9 Essential Tools For Beginner Cigar Box Guitar Builders



Picture this:

The sweat is pouring out of me. So are the profanities.

All around me, cluttering the basement, are dust bunnies, holiday decorations, and forgotten board games.

I’ve got my right knee up, holding a red oak 1 x 2 on a chair.

My left hand is gripping one end of the red oak stick.

My right hand is grasping an old rip-cut saw, pumping it through my first scarf joint with the awkwardness of a teenage boy trying to round third base on his first date.

I let loose a colorful grunt and in walks my brother in law.

Seeing my six-foot-three frame hunched over, using my knee to clamp a stick onto chair, he says,

“Soooo…. you wanna borrow anything? You look a little…”

“Yeah. I know.” I say without looking up from my frustration.

I was short on tools, but determined to build a cigar box guitar.



Since that sweaty, profanity filled occasion in the basement, I've acquired a few more tools.

Over time, 9 tools have formed the core of my workshop.

This is my list of must-have tools. And it's what I recommend any beginner cigar box guitar builder start with.

Look over this list. See if you already have what's here. If not, can you borrow tools from a friend?

Use what you have, borrow when necessary, buy if you must.

Or, if you're ready to own a few tools of your own, know that these tools don't break the bank.

In fact, most of them cost no more than a couple fancy-pants coffees, or hand-crafted beers.

And these tools, unlike a hipster beverage, will give you a lifetime of satisfaction crafting your own handmade musical instruments.

Handsaw


It's an aggressive bugger.

It cuts boxes like a champ.

It cuts headstocks.

Heck yeah, it'll notch a neck!

And when you want to start fretting,
this handsaw cuts clean fret slots.


Clamps


Clamps, turns out, are better than knees.

There are times when the neck has to be held in place.

Need I remind you of the chair and rip-cut saw debacle?


Razor knife


It's the ninja-cat of tools.


It's great for scoring lines that will be cut with the handsaw. Scoring helps to prevent the saw from tearing out the box
along the cut lines.


Square


Straight lines and measurements made possible my the humble square.

Squaring up lines to fit a neck in the cigar box.

Fret lines and fret markers are a cinch to draw with a square.



4 in Hand / File & Rasp Combo


My four-in-hand is irreplaceable.

From filing cuts and corners,

to rounding necks,

to hogging out all sorts of wood,
a 4 in Hand is a versatile tool.


Yard / Meter stick


Measure stuff!

Marking long distances is much easier than using a wee ruler.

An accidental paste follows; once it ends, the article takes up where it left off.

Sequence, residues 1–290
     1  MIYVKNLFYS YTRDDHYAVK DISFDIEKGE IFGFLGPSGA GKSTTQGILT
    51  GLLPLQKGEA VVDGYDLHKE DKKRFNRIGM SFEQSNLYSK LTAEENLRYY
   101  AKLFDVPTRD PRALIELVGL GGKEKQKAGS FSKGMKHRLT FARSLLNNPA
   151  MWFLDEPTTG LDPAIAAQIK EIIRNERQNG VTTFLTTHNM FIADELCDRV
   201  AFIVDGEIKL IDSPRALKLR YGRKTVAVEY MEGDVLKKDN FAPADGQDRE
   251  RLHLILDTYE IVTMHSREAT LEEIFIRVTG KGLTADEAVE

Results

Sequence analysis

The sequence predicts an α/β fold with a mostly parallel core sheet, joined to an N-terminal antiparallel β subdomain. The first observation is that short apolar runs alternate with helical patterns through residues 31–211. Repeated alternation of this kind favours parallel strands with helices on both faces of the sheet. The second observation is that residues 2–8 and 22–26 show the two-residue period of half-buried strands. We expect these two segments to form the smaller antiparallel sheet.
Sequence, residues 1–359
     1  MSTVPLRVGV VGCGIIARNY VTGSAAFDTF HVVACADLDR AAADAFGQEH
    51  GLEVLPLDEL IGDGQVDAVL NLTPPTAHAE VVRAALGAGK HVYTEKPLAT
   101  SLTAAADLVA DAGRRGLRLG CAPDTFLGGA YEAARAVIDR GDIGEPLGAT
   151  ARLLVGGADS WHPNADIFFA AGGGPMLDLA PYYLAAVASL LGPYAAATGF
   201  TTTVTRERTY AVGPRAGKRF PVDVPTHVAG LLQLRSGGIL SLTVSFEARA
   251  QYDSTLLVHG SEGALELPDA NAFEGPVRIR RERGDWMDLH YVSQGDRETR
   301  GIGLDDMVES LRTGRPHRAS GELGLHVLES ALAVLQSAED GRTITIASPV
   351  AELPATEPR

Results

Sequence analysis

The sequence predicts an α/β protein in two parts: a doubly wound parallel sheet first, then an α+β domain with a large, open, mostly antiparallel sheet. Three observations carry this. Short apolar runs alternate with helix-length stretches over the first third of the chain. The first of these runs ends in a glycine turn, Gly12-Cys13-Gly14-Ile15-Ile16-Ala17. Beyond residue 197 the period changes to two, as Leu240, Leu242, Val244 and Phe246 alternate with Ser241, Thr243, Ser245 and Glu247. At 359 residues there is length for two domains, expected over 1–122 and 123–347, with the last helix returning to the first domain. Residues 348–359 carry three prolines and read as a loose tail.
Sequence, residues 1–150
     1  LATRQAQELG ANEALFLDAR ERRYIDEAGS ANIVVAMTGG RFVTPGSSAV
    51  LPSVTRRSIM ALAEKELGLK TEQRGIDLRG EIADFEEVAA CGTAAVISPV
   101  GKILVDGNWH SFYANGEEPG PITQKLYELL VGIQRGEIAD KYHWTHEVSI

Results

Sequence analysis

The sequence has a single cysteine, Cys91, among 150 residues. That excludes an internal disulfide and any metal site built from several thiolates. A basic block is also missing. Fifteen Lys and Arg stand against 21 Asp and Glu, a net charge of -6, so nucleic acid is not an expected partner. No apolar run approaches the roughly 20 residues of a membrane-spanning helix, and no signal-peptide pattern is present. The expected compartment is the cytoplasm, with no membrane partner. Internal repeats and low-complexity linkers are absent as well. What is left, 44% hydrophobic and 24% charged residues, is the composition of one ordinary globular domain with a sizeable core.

A 25" (635mm) scale length? No problem for your handy
yard / meter stick!


Hammer / Mallet


For building CBGs by hand, smaller is better.
This is a 12 ounce mallet.

The mallet is great for knocking wood out of the neck.

And as you expand your tools to do more things, a mallet is key
to tapping frets into the neck.


Screwdriver


This screwdriver has multiple bits which is handy,
but not critical.

Driving screws is good, chiseling out wood to notch
the neck is key
(see above image in the mallet gallery).



Drill / Driver set


Get an inexpensive drill / driver and they often
come with a set of drill / driver bits

This is a good set of bits to start with.
Later, more bits can be added as needed.

From drilling holes for tiny tuner mounting screws, to holes for the tuners themselves,

and even large sound-holes, a drill/driver is essential.

And that rounds out my list of must-have tools, essential for building a cigar box guitar.

What's listed is what has worked for me, after a few years of trial and a whole lot of error.

From my experiences I've found that my list of 9 essential tools for beginner cigar box guitar builders sure beats using an ol' rip-cut saw and a folding chair.

The list in review:
  • handsaw
  • clamps
  • razor knife
  • square
  • 4 in hand
  • yard / meter stick
  • hammer / mallet
  • screwdriver
  • drill / driver set

Do you already have your own list of must-have tools?

Share your core essentials in the comments. 

What you share now can help a new builder later.

9 comments:

  1. Simple is good. Not as fast and fancy, but with patience and a low budget you will prevail.

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    Replies
    1. Ain't that the truth, Lenny? Funny how our forefathers and mothers used so much less to do so much more.

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  2. Replies
    1. Thank you, Jeremy. I hope this article was helpful.

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  3. Replies
    1. Hey there, Mike! I'm happy you like it. Thank you for checking it out and leaving your comment.

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  4. Glenn, thank you for sharing your knowledge and experience with us, it has really helped me with my building and playing....

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    Replies
    1. Rob, thank you so much for stopping in and leaving such a kind comment. I'm grateful for the opportunity to connect with builders and players like you.

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